Despite the success of Lowe’s and Neiman Marcus, many retailers that started their own innovation labs between 2011 and 2014 have pivoted away from the concept.
For example, Nordstrom shifted its Innovation Lab employees into other areas of the company, mainly its Customer Experience Center (CEC), before dissolving the lab altogether in 2015. Macy’s opened its Idea Lab in 2014, but the retailer hasn’t unveiled any initiatives credited to it since 2015, and it has remained off the radar ever since.
Target established its own Technology Innovation Center in San Francisco in 2013, but the lab’s presence has been significantly scaled back compared to other innovation programs, such as its partnership with Techstars to host retail accelerator programs for the past two years. The retailer presently is conducting a 14-week “innovation sprint” with partner BCG Digital Ventures to help select team members explore new business cases, but this development only came after the company overhauled its innovation strategy.
How and why did these big brands take such drastic turns from their initial plans? As budgets get tight and short-term revenue remains a high priority, these companies simply didn’t feel they had the time and money to develop and implement technology from their labs cost-effectively.
“When looking at the ability of a company to implement the technology that these innovation labs are surfacing, it takes too long,” said Pano Anthos,Founder and Managing Director of XRC Labs, an innovation accelerator. “It’s too slow, but meanwhile the cash is burning a hole in their pocket with all the staff and salaries they’re accommodating. It’s not for want of desire, or the intent of strategy or innovation teams. They’re all doing good work. It’s that whatever they produce can’t be implemented quickly enough to justify the ongoing expense of the teams. So what they do is shut down the innovation teams. They say ‘You know what? We can’t afford them.’”
David Mathews, Managing Director at REVTECH, a mentor-driven accelerator program, also noted that many of the innovation labs still in operation seem to over-rely on piloting projects instead of figuring out how to hasten the implementation process.
“There’s just no margin for error,” Mathews said in an interview with Retail TouchPoints. “Retailers might be under competitive pressures and have thin margins, and it seems like there’s just not room for experimentation or risk.”
Regardless of the risks involved, retailers must establish some sense of where innovation should take place while still being in view of the customer. As part of an innovation strategy, retailers should designate specific stores to house new pilot tests, as both Lowe’s and Neiman Marcus do. These stores are then able to generate customer feedback on the true success of the tested platforms.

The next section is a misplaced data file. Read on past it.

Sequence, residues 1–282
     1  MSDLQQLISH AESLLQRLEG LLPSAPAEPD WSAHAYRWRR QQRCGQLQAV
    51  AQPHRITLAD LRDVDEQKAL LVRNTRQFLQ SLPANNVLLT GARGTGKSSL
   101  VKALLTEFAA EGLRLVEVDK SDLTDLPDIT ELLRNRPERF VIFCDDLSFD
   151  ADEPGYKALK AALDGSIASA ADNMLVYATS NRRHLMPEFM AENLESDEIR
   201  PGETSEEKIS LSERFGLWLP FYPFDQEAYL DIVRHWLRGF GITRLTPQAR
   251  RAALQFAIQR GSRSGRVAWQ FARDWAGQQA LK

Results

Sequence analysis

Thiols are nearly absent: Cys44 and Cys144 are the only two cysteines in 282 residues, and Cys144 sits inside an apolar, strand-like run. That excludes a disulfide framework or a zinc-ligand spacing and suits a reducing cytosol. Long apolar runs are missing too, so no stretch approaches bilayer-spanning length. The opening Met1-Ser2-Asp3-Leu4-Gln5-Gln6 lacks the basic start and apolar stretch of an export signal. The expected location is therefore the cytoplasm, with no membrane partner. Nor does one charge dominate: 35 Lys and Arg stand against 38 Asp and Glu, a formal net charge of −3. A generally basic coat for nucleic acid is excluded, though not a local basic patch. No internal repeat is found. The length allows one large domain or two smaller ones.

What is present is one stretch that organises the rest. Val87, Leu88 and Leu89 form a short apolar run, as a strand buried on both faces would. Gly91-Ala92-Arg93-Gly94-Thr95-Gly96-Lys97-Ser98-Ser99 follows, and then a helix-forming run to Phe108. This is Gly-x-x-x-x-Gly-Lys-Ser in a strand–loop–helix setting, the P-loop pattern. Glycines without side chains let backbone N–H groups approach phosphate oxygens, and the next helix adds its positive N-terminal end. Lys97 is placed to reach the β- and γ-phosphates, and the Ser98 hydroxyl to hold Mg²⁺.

Additionally, whether companies focus on creating an internal innovation lab or partnering with an accelerator and incubators, there’s often going to be internal resistance to change. And with more innovation labs being seen as a massive expense that may be more than they are worth, retailers are going to have to carefully select where they identify their most pressing need for change.
“Part of the job is that you have to be a good salesperson,” Emmons said. “By that I mean you have to explain why the change is good and why it’s worth the effort to go through the process. You can’t leave it behind once the change is made, because there’s a tendency for folks to try to revert back. You have to understand there’s going to be ongoing training and ongoing interaction. It takes time for that change to settle in and become the norm.”
Retailers seeking to drive this change also may need to onboard people with skills beyond what the present set of employees have, particularly those that understand data science. These companies often require a culture and personnel change, filled with people that have built a project without a lot of corporate support. Anthos of XRC Labs noted that these employees need to be given more leeway to fail if they ever want to succeed in the long run.
“The culture has to change, and it has to change from the inside,” Anthos said. “The only way to change on the inside is to bring people in from the outside — or you foster people who are already inside but aren’t already thinking like everyone else. That doesn’t always happen. It’s a big cultural issue, but I think it’s solvable. Jeff Bezos said it, and it’s a brilliant statement. ‘If you’re not willing to fail, then you’re not really willing to test.’ Because a test means that at least 50% of the time — probably more — you’re going to fail at it.”
Retailers today have a choice — create their own innovation lab or work with a partner to consult and assist the innovation process — but either way, they can’t be afraid to fail. Regardless of where they allocate these resources, these retailers can’t afford to be intimidated by innovation. They must take the necessary steps to keep up with, and even stay ahead of, their competitors — and their shoppers.